Firey suing after falling down hill
AN INJURED firefighter who was helicoptered to safety during January's devastating bushfires has now found himself in a legal stoush with the state government.
On January 6 this year, and as fires ravaged through more than 20,000ha of Tasmanian bushland, the firefighter slipped down a hill on "uneven and irregular terrain".
Carrying a 30kg backpack and implements in his hand, the firefighter caught his foot on a log and dislocated his left kneecap, according to a newly-published Workers Rehabilitation and Compensation Tribunal decision.
He was extracted by helicopter and taken to Calvary Hospital for an x-ray and MRI while suffering pain, swelling and bruising.
Temporarily needing crutches, the firefighter lodged a workers' compensation claim with his employer, DPIPWE, while awaiting surgery for a bone realignment.
But DPIPWE has now successfully argued it has a "reasonably arguable case" against liability as the firefighter had a pre-existing knee injury, the decision by tribunal chief commissioner Alison Clues said.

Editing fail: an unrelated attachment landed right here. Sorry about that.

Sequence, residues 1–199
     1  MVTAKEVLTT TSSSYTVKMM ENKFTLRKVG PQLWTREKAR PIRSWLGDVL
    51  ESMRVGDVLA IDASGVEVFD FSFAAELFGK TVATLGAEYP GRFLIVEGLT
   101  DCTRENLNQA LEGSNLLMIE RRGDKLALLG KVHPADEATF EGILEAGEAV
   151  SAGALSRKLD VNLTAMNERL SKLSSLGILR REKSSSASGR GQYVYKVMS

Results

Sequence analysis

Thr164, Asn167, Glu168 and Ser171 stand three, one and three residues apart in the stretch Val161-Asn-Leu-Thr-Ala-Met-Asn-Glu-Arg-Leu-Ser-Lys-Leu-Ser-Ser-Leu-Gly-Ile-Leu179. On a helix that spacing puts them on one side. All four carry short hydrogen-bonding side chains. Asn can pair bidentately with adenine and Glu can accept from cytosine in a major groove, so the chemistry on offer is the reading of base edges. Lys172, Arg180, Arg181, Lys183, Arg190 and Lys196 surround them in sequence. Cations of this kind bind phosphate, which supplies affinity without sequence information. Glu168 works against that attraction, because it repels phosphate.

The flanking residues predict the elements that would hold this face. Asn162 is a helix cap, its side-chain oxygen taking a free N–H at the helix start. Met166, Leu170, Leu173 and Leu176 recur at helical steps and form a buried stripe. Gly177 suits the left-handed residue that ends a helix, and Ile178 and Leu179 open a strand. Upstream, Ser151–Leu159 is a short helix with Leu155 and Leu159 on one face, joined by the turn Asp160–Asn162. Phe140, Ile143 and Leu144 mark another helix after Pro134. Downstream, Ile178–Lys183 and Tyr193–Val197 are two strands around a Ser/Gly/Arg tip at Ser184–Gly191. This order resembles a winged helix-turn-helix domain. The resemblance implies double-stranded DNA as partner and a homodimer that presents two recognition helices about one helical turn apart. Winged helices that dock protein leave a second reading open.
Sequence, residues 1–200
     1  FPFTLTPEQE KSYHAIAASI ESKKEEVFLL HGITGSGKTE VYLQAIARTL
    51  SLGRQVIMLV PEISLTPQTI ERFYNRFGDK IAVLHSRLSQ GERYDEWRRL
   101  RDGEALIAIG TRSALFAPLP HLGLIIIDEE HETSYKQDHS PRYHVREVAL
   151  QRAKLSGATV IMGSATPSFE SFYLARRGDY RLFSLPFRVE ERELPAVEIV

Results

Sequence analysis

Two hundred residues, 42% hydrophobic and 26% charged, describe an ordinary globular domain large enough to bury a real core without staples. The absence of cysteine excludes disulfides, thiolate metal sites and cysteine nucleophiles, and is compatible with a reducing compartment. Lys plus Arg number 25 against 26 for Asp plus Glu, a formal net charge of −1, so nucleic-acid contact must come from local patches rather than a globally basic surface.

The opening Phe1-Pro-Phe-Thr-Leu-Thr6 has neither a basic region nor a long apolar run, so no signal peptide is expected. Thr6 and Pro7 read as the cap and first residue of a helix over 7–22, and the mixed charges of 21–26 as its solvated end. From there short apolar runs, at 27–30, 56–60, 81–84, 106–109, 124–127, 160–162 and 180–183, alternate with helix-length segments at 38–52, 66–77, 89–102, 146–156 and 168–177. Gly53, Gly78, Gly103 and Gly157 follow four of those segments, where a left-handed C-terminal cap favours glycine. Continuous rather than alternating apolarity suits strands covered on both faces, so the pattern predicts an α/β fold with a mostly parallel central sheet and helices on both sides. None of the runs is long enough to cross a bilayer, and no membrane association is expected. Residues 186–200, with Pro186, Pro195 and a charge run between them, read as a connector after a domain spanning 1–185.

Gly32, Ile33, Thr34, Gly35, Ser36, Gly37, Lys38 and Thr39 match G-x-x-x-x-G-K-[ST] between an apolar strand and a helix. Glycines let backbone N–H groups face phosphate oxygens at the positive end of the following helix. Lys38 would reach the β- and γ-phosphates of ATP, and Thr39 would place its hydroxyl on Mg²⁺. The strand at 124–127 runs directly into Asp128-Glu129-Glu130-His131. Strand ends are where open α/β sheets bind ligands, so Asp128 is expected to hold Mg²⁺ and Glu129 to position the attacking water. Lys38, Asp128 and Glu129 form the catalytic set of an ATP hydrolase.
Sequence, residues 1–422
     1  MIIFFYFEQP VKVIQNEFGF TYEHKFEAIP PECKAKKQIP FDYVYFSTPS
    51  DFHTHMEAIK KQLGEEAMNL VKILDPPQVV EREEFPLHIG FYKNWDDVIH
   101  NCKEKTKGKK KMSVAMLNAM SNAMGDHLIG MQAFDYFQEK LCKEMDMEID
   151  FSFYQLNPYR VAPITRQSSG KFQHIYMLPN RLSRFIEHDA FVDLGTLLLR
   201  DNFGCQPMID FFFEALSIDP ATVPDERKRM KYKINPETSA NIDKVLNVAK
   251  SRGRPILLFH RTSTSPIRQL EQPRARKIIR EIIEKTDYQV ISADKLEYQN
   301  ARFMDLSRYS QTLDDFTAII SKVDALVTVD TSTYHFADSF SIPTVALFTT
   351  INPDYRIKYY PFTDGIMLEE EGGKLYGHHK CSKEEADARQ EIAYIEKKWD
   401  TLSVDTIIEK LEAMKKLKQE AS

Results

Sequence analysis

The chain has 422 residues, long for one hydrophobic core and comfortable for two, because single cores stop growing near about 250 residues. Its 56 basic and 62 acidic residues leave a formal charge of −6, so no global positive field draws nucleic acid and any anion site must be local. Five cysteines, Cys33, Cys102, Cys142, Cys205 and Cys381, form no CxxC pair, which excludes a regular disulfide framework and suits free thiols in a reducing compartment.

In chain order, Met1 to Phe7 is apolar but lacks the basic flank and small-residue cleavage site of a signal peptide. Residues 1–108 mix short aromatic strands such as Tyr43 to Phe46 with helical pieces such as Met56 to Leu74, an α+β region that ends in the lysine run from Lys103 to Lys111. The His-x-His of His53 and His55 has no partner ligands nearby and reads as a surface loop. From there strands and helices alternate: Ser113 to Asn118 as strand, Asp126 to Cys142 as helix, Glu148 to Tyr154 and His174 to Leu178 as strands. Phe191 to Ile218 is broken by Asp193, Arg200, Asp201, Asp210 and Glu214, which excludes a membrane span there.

The matter will now proceed to a contested hearing in which DPIPWE will argue against paying the firefighter's claim.
According to the decision, the man was given medical certificates until February 12 and recommended for office duties after that while awaiting surgery.
But an orthopaedic surgeon noted the firefighter had previously dislocated the kneecap in 2012, finding there was a significant likelihood that any strenuous activity or twisting would once again dislodge his unstable patella.
He said any proposed treatment would not be a direct consequence of the January 2020 injury.
Ms Clues found it was reasonably arguable the fighter had suffered from the recurrence of a pre-existing injury rather than a "simple injury by accident".
Originally published as Firey suing after falling down hill